Wholesaler Vs. Real Estate Agent: What’s the Difference?

Cody Sperber
By Cody Sperber |

Howdy, folks. Today, we’re gonna tackle a terrific question sent in by one of our readers:

“Hi Cody, I’m still trying to figure out this whole RE investing thing…lol. I’m a little confused on the biggest difference between a real estate agent and a wholesaler, other than the license. Aren’t they both just bringing a buyer and seller together for a commission? Can you please spell out the differences in plain English for me? Thanks!

Gerald W.
Raleigh, NC”

Great question, Gerald. This is actually a common question asked by many new investors, so I thought I might as well do an entire lesson clarifying the difference between a wholesaler and a real estate agent for you guys…

First off, before you continue reading, I recommend that you read my lessons How to Wholesale Part 1 and Part 2, and also Should Real Estate Investors be licensed?. Those will give you a nice foundation (pun intended) for today’s lesson.

Basically, a Wholesaler is…
Anyone who wants to earn quick cash by finding deeply discounted properties (on/off MLS), then serves up those properties to other investors (typically landlords or rehabbers) at a discount by creating a spread between the two.

A wholesaler does NOT need a license because they are a PRINCIPLE in the transaction

Meaning that they have the property under contract to purchase. Since they have that contract, they now have control over that real estate just long enough to flip it to a cash buyer and make their assignment fee or wholesale spread.

A Licensed Real Estate Agent is…

Someone who goes to school to get their license and then pays dues to become a Realtor – in order to buy and sell property on other people’s behalf and earn a commission while doing so.


One is an Investing Strategy and the Other is a Career Choice

Realtors (since they’re working on behalf of someone else) have certain fiduciary responsibilities to the buyers and sellers that have hired them to buy or sell property.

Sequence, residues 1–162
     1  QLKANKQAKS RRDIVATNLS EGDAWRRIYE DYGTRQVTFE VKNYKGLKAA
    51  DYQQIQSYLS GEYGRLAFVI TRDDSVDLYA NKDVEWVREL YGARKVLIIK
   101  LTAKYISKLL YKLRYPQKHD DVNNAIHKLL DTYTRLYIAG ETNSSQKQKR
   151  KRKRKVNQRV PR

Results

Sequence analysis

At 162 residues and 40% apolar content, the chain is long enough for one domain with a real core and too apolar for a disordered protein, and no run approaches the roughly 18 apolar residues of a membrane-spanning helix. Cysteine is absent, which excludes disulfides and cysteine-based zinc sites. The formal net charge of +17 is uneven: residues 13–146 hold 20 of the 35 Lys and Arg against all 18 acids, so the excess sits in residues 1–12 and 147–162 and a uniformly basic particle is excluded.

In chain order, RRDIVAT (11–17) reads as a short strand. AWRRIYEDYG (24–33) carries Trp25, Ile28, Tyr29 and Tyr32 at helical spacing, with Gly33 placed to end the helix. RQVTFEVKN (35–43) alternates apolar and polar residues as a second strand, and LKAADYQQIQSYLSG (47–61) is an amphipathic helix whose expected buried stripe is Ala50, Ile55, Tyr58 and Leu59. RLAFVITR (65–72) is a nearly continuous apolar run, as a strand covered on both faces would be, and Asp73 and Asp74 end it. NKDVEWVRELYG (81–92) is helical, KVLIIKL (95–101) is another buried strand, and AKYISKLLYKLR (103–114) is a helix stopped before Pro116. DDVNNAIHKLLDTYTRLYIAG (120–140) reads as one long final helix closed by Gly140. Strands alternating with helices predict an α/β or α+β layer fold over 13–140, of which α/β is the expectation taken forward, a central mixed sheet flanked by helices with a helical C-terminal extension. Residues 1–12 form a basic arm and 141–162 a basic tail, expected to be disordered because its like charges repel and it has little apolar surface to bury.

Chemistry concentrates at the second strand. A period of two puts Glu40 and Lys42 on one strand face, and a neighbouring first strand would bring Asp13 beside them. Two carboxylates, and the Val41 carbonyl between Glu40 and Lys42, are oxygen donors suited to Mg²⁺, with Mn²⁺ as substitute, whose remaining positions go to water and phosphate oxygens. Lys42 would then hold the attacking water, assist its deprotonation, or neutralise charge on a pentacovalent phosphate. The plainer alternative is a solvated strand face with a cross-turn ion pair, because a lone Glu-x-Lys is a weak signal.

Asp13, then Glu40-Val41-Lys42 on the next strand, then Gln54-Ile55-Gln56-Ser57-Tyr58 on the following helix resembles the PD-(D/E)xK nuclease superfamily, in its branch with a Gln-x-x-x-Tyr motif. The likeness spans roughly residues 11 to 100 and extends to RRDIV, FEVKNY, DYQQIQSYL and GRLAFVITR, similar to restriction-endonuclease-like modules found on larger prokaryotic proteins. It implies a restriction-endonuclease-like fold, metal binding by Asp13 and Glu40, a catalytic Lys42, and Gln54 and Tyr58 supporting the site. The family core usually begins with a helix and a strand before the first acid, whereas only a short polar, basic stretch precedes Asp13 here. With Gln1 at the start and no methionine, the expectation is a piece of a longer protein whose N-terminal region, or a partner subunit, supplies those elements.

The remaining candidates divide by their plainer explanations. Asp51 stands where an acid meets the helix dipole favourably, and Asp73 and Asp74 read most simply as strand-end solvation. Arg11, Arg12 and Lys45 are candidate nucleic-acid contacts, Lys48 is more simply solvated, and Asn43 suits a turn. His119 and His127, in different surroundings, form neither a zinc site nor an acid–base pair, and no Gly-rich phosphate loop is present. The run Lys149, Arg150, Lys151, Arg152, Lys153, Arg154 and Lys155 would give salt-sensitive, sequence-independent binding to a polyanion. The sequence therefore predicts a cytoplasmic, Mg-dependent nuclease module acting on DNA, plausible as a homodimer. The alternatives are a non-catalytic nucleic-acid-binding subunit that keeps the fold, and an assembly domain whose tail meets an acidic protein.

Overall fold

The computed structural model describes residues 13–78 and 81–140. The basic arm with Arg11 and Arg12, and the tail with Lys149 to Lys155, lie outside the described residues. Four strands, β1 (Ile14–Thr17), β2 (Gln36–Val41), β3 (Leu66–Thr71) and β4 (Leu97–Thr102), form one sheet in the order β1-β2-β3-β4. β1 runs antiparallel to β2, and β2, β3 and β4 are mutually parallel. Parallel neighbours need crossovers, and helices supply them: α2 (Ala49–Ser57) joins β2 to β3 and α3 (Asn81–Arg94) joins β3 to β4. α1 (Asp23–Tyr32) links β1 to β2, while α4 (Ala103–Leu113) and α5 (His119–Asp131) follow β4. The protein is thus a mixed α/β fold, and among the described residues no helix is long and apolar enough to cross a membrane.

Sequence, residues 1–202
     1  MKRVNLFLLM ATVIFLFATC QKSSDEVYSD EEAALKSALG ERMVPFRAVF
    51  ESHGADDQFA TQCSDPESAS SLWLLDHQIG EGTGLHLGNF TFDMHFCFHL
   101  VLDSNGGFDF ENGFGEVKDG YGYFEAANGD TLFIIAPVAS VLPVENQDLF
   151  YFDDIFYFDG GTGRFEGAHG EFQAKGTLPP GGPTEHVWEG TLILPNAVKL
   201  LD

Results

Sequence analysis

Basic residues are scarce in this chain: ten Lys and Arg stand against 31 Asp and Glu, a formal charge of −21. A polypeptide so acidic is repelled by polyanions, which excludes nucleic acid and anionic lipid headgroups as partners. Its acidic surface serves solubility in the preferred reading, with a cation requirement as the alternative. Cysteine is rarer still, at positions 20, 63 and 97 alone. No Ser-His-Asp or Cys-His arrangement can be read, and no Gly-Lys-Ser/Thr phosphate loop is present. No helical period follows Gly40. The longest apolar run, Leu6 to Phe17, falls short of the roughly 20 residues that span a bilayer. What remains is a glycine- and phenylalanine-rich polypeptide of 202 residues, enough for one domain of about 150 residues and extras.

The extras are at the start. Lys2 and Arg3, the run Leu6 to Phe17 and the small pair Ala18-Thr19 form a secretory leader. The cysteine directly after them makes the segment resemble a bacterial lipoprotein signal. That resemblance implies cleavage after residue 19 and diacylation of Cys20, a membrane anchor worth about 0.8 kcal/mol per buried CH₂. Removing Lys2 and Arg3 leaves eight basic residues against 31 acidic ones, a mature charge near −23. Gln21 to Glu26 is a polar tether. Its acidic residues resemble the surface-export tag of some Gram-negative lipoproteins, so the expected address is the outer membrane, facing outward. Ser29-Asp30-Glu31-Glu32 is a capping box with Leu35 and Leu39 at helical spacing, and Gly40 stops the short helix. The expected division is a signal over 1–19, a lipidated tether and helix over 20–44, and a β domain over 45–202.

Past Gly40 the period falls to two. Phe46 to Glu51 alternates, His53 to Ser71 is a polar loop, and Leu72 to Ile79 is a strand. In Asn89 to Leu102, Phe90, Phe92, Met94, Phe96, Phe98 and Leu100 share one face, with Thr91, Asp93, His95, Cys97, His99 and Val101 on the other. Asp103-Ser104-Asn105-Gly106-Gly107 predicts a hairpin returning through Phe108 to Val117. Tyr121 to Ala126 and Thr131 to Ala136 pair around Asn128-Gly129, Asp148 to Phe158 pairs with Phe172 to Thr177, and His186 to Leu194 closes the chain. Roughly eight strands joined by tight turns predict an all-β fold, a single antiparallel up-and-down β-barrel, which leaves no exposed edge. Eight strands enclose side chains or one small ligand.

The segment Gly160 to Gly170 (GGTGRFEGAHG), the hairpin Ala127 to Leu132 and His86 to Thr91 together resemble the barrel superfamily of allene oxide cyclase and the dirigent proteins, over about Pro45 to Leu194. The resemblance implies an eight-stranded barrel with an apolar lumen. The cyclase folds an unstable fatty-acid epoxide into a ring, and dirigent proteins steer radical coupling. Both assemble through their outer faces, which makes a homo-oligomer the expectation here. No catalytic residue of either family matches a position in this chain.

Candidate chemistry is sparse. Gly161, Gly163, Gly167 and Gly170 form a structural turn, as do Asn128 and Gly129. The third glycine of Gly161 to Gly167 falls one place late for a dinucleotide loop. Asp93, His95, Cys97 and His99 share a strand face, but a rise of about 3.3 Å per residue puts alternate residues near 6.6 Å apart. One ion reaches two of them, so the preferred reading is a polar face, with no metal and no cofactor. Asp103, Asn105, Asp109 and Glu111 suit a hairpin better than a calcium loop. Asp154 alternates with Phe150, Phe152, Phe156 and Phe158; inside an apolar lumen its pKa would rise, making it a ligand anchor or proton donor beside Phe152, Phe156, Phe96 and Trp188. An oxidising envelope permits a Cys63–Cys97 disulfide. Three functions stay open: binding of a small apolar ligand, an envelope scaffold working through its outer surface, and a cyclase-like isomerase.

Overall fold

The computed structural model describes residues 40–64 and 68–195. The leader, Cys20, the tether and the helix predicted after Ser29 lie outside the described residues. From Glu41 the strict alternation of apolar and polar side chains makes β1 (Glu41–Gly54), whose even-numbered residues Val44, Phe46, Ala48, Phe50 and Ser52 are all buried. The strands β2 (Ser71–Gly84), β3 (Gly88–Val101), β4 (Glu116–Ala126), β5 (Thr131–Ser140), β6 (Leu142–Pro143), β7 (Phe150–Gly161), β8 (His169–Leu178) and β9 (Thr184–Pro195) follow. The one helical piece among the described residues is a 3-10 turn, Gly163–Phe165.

Whereas an real estate wholesaler is essentially doing this for themselves as a strategy to make quick cash. Most real estate investors use wholesaling as an entry point into investing because they don’t have the capital to go out and just buy real estate. They just want to make a fast buck at very low risk.

It’s also worth mentioning that a lot of people confuse whether an REI is supposed to be licensed. If someone (like a real estate agent) ever accuses you of practicing the sale of real estate illegally, say something like:

I see your point, but actually, I’m not acting as anyone’s agent… I’m a principle in this transaction. See my name there on the contract? That’s me as buyer/seller. As a principle in the transaction itself, I’m just acting as a regular buyer/seller… and as such, there’s no reason I can’t assign my principle interest over to someone else, or contract to sell the property, or whatever the heck else any other buyer or seller can do, right?”

The Bundle of Rights Analogy

You can think of a bundle of rights like a bundle of sticks. As long as you have a stick, you own a part of that bundle of sticks. When the sticks are given out to people, different aspects of ownership are given away.

StickWhen you enter in a contract with someone, you give them 1 stick (1 piece of ownership called equitable interest). It’s that stick (that equitable interest) that makes it so that you don’t have to be licensed.

It’s important to also note that when you are an investor, you are not legally representing anyone but yourself (whereas a real estate agent is representing someone else and their best interest).

Equitable Interest Vs. Legal Interest

Keep in mind, when you are a real estate wholesaler who has entered into a contract, you only have equitable rights until the date listed on the contract. You do not have legal rights until your name is on the deed after the closing process.

I hope this brings clarity to your confusion, Gerald, and that the rest of you learned something new…

See ya soon,



Cody’s Cliff Notes

  • Educate yourself by reading the previous lessons I suggested above.
  • Take note of the differences between investors and real estate agents.
  • Prepare how to respond to accusations that you’re selling real estate illegally.
  • Understand the bundle of rights and the difference between equitable interests and legal interests.

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